Gallery: Nintendo DSi
What fond memories do you have of your GBA? What was your favorite GBA game to play? What model did you have? Did you hold onto it after you upgraded to a DS?
It must be said that I skipped Proving Ground, but did have a blast with Downhill Jam, though I didn't think I would, at all.
Gallery: Tony Hawk's Motion
Keep in mind, though, that this is merely based on Aeropause's own evaluation and may not be representative of how much money publishers made on each system, or the quality of the titles they released on said platform. It's more or less based on an article in the latest Nintendo Power where the staff ranked their top 20 games for each Nintendo system.
What do you all think? Which Nintendo system had the greatest batch of stellar third-party titles in your eyes? We're going to stick with DS. It seems like a no-brainer to us.
But, we digress. This new title, which is nothing more than some concept art right now, promises "a unique gameplay experience" in an on-rail shooter. Two Tribes also says that the controls will be accessible, as "average players will be able to complete the game while seasoned players will be motivated to go for higher scores and completion rates."
Two Game Boy Advance games have randomly appeared in the Stars Catalogue, leading us to surmise that Nintendo has been spring-cleaning its warehouses and found a bunch of old, unsold stock. Kirby & The Amazing Mirror and Mario Power Tennis are both decent purchases, we suppose, even if the price (5000 Stars each) is steep (you'd need to buy at least 20 DS games to amass that many Stars). We're still waiting on the warehouse with all the sealed Super Famicom consoles to get cleared out (it must exist somewhere).
Some other new tat has also been added, including a Pokémon sports bag, and three further items that have (inexplicably) sold out: a Raving Rabbids T-shirt, a Pokémon Mystery Dungeon bookmark, and a Brain Training pen. Don't all rush at once, please.
[Update 1: And the Kirbster has sold out!]
Totilo reached this summary through the simplest, most non-scientific method ever: over the course of a year, he mentally tallied up how many of each handheld he saw played on the subway, and eventually counted 67 PSPs, 44 DSes, 6 Game Boy Advances, and 0 Gizmondos. While he treats his findings light-heartedly (as you should), Totilo concludes that this preference for the PSP is due to the typical subway commuter being older and having a higher disposable income and being on the same subway train as Stephen Totilo.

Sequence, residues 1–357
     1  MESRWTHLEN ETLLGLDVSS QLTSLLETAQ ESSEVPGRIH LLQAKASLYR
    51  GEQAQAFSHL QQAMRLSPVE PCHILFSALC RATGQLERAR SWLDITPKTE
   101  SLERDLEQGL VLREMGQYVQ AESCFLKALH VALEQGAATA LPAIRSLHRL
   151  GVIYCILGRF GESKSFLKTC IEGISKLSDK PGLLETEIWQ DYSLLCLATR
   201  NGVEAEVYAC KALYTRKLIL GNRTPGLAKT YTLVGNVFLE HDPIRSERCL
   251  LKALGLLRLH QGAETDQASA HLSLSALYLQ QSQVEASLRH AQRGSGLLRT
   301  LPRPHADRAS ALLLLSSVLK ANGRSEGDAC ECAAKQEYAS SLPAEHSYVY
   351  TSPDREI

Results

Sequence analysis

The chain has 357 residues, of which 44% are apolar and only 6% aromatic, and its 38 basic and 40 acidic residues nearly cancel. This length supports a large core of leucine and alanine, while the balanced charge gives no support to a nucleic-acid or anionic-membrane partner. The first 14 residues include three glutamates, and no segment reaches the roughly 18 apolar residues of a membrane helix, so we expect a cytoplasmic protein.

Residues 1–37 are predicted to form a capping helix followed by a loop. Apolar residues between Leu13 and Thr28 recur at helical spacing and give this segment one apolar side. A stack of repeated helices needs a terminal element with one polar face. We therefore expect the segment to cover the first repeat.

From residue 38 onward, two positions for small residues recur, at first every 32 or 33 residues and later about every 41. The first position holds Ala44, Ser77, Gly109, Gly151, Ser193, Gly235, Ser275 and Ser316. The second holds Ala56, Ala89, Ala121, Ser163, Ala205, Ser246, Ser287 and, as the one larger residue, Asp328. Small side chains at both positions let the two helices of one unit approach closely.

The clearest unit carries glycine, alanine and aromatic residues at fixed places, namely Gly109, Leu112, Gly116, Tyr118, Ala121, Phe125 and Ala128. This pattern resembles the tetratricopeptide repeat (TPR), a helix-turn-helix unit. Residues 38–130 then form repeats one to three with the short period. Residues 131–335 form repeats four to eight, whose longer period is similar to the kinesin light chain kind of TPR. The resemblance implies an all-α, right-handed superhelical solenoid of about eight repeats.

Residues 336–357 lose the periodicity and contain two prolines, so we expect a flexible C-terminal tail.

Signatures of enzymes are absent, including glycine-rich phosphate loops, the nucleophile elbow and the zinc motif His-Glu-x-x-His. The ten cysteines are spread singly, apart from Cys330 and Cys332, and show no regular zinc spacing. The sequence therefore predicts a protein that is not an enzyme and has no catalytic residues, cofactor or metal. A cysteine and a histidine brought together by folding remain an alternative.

It's a very specific survey.
Yesterday, Nintendo's updated Japanese release schedule revealed that Rhythm Tengoku would be bringing its daft-as-a-brush brand of barmy exuberance to the DS, under the guise of Rhythm Tengoku Gold. Consequently, our dreams last night were filled with dancing monkeys, robotic samurai, and onions with hairy faces in dire need of a good plucking.
Today, we awoke to this: a Rhythm Tengoku Gold fact sheet, featuring the same WarioWare-esque art that characterized the GBA game, and the first screens from the DS edition -- you can rhythmically tap your way past the jump for a fuller, bigger version.
Incidentally, if you're wondering what all the fuss is about, it's not too late to catch up (though it is rather pricey).
Let's look at the facts, folks:
- The original Game Boy released in 1989 and saw several revisions, including a color change in 1995, a smaller system in the Game Boy Pocket in 1996, the Game Boy Light in 1997 and the Game Boy Color in 1998
- The Game Boy Advance released in 2001 and saw 2 revisions before it was officially retired, with the Game Boy Advance SP releasing in 2003 and the Game Boy Advance Micro releasing in 2005
- The original DS was released in 2004 and since has received one revision, in the DS Lite, which released in 2006